Planting Saffron Crocus Corms: In areas where Saffron Crocus are reliably hardy—USDA Zone 6 through 8 in the South, 6 through 9 in the West—you should plant the corms as soon as you receive them. Saffron Crocus do best in full sun and well-drained soil that is moderately rich in organic matter. Ideally, the site should be relatively dry in summer, when the corms are dormant.

Plant the corms 4in deep and 4in apart. If gophers, mice, or voles are a problem in your garden, plant the corms in containers or line the bed with hardware cloth or a similar wire mesh. Flowers generally come up 6-8 weeks after planting, although occasionally they wait until the 2nd fall to appear. Bloom lasts about 3 weeks. The grass-like leaves may emerge either with the flowers or soon after they appear. Sometimes they wait until the following spring. In either case, the leaves persist for 8-12 weeks, then wither and vanish, leaving no trace of the corms below until the flowers appear again in fall. It's not a bad idea to mark the area where you've planted your corms, so you don't inadvertently dig them up while planting something else.

Overwintering Corms in Cold Climates: Saffron Crocus can be grown in areas with colder winters than Zone 6, but the corms must be lifted and brought indoors for the winter. After the first few frosts, but before the ground has frozen solid, carefully dig out the corms, place them in a wooden crate or plastic tub, and completely cover with dry peat moss or sand. Store in a cool (40-50°F), dry place, such as a basement. Plant them out again in the spring after all danger of frost has passed, but don't water until you see new growth in early autumn.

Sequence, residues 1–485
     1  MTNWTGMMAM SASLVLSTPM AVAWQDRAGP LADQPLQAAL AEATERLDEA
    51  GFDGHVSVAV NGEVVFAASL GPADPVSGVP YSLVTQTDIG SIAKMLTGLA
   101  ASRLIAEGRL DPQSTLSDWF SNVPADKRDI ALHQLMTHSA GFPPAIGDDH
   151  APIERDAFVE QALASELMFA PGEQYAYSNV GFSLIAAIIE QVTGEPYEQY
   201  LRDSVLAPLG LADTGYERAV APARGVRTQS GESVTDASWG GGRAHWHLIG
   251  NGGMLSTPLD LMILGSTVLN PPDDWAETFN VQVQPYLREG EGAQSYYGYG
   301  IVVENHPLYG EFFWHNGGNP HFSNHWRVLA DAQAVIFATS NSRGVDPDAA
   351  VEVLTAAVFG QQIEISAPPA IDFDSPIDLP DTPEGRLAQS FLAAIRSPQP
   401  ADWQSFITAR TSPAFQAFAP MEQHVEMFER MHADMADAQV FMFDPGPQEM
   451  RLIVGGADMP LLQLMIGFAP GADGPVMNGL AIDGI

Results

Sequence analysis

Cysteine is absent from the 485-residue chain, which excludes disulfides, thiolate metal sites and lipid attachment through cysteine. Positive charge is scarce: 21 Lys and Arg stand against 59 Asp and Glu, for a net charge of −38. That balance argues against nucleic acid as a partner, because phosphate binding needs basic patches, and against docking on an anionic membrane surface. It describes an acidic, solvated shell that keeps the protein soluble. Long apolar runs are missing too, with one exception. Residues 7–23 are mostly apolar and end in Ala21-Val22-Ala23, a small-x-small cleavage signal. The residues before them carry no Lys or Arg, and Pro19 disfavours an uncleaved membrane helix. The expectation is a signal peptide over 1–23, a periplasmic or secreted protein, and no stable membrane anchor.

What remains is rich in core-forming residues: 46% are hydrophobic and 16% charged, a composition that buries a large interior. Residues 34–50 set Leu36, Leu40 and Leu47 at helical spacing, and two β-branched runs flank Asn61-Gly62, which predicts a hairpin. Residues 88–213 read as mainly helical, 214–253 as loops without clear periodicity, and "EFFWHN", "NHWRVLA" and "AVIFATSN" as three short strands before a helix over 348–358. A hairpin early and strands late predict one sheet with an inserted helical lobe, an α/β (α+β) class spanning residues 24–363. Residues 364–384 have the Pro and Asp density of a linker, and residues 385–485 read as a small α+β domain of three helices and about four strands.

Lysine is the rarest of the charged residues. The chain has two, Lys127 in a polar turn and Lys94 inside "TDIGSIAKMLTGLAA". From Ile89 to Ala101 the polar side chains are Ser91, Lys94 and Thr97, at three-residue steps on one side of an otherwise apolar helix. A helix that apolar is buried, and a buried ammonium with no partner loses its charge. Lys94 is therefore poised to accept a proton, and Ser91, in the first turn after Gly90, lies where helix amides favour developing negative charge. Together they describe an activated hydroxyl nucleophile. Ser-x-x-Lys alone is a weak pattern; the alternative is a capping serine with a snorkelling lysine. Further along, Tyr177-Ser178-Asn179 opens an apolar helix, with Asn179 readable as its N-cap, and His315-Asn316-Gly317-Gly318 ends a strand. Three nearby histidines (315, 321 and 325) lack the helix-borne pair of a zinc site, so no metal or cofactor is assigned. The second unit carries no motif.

Another way of growing Saffron Crocus in cold-winter areas is to plant the corms 2 in. deep in clay or plastic pots filled with a well-drained soil mix, and then set the pots directly in the ground, with the rims about 2 inches below the soil surface, so the pots don't show. After the plants die back in the fall, move the pots into the basement and store them dry for the winter. Set the pots back out the following spring. Again, marking the pots' location so you don't accidentally dig into them is probably a good idea.

Harvesting and Using Saffron: Three stigmas are borne in the center of each purple, cup-shaped bloom. The best time to harvest the stigmas is mid-morning on a sunny day when the flowers have fully opened and are still fresh. Carefully pluck the stigmas from the flowers with your fingers, then dry them in a warm place to preserve them for cooking. Store in a closed container. To use saffron, steep the threads in hot liquid (water, broth, or milk, depending on the recipe) for about 20 minutes. Add both the threads and the steeping liquid early in the cooking or baking process, and the threads will continue to release their color and flavor.